Land Stakeholders & Institutions

Land Stakeholders & Institutions

A stakeholder is anyone or any institution who has interests in, or is affected by, an issue or activity or transaction, and therefore has a natural right to participate in decisions relating to it. 

There may be more than one stakeholder, or stakeholder group, claiming an interest in the land use on a particular area of land.

As examples, a farmer is a stakeholder in relation to the distribution or management of irrigation water from a common source, or as regards decisions on grazing rights on communal land. The term can also be applied to groups, as when several groups have an interest in, or are affected by, the exploitation of the water from a reservoir or products extracted from a forest. Stakeholders include those individuals or groups, such as women or indigenous communities, who have genuine and legitimate claims on use, but whose opinion may not be valued in current negotiations for cultural or religious reasons. Groups resident outside the area, such as non-governmental organizations (NGOs) and research institutions, can also be stakeholders. Also the government of a country may have ministries with the position of stakeholders. The concept can be extended to include unborn generations who have a future interest in the resource.

Source: FAO

Journal Articles & Books
March 2014
Africa

In many parts of Africa, formal education and training in agriculture is almost nonexistent. Swiss Biovision Foundation supports farmers via its Farmer Communication Programme. While it takes advantage of its close links with research institutions, the ideas and experiences of farmers also flow directly into its course contents.

Journal Articles & Books
March 2014
Global

Today, it would be difficult to imagine agricultural extension without modern information and communication technologies. What they can do, where they fit in, and where they reach their limits is shown in the following examples.

Journal Articles & Books
March 2014
Africa

The aim of the “Management advice for family farms” (MAFF) approach is to strengthen the abilities of farmers to manage their farms and improve their economic and social autonomy. In Francophone Africa, this holistic concept has been applied successfully for almost two decades.

Journal Articles & Books
March 2014
Global

Providing extension and advisory services is expensive. There are salaries to be paid, transporta­tion and operational funds to be provided, buildings to be rented or built, demonstration plots to maintain, and continued education to be offered to the extension staff. And then there is the need to continually invest in an overall functioning agricultural innovation system with strong research and teaching institutions, enabling policies, as well as to make capital investments in rural infrastructure that will not only benefit the farming population.

Journal Articles & Books
March 2014
Malawi

As with other countries, agricultural extension and advisory services (EAS) in Malawi are provided by public, private, and non-profit organisations. While it has become commonplace to refer to this collection of actors as a system, this claim is only valid in the loosest of terms, as many of the component parts do not functionally interact with others in an operational sense, tending rather to function as independent sub-networks within larger national, and international spheres of exchange.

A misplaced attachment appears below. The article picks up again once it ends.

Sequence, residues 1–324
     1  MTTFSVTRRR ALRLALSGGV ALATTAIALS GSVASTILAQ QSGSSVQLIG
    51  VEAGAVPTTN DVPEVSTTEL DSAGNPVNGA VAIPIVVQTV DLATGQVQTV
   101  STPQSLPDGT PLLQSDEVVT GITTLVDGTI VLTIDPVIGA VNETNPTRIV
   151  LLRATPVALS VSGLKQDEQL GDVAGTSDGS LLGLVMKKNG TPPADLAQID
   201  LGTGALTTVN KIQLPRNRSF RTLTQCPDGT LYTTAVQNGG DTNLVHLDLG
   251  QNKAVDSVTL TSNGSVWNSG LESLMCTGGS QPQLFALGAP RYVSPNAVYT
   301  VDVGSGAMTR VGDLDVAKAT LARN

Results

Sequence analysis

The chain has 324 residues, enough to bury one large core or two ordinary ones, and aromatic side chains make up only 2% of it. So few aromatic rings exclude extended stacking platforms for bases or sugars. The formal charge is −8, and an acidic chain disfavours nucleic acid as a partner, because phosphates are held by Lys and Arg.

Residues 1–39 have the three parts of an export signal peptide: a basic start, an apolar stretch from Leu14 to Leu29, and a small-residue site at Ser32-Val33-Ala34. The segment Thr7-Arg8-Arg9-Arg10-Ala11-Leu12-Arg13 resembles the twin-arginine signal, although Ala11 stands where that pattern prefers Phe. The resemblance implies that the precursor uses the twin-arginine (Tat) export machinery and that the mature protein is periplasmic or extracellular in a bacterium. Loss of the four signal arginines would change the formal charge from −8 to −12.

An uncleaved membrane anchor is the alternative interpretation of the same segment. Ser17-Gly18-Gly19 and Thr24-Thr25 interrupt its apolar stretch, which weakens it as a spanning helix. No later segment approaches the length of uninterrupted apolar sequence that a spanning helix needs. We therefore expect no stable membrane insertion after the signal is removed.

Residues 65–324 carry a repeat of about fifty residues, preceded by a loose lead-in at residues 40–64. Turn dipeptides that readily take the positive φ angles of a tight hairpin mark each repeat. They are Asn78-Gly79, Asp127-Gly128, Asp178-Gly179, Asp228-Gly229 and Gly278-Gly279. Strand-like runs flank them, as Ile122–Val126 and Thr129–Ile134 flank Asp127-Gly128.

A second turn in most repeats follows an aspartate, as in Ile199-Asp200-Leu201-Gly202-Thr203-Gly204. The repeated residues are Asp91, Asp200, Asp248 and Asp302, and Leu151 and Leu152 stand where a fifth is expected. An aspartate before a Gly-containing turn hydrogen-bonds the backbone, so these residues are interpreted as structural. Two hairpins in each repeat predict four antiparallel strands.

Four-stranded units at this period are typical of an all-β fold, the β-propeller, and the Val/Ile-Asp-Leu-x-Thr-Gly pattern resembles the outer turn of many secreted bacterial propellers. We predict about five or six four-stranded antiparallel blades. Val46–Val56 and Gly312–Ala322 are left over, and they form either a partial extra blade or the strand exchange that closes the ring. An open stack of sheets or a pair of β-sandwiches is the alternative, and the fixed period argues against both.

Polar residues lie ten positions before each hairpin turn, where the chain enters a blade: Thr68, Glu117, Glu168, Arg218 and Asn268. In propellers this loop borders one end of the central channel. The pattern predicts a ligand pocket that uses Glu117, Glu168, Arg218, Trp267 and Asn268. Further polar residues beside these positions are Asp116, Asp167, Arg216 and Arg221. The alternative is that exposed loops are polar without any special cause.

Journal Articles & Books
March 2014
Global

Rural extension services are an extremely complex affair. This is due to the wide range of constellations in which farmers operate nowadays, and also to the large number of players who are active in advisory services, with their different tasks, values and mandates. With reference to Germany’s rural extension services, our author shows who is taking on which role and where conflicts might potentially arise.

Journal Articles & Books
March 2014
Global

Over the last few decades, the range of agricultural extension and advisory services as well as the notions of which tools and methods are most suitable have seen fundamental changes. Our authors give an overview of old and new approaches, showing what we already know and where there is a need for more information.

Journal Articles & Books
August 2015
Africa

During the last few years, the donor community has increased its efforts to reduce the large amounts of fish lost in the distribution chain in artisanal fishery, an endeavour that ought to be welcomed in principle. However, focusing on one single solution, the development of an expensive cool chain and the supply of fresh or frozen fish, represents a massive interference with the traditional processing and distribution channels, with women being the main losers. Our author calls for more foresight in international co-operation.

Journal Articles & Books
August 2015
India

Sailing out to sea in the morning and returning without a catch in the evening is now a thing of the past for many Indian fishermen. A satellite-based information system shows where they can find rich fishing grounds.

Journal Articles & Books
August 2015
Global

With its Guidelines for Securing Sustainable Small-Scale Fisheries (SSF Guidelines), FAO has created a tool that is to help small-scale fisheries stakeholders empower themselves. Our authors describe its strengths and weaknesses and how it is being put into practice.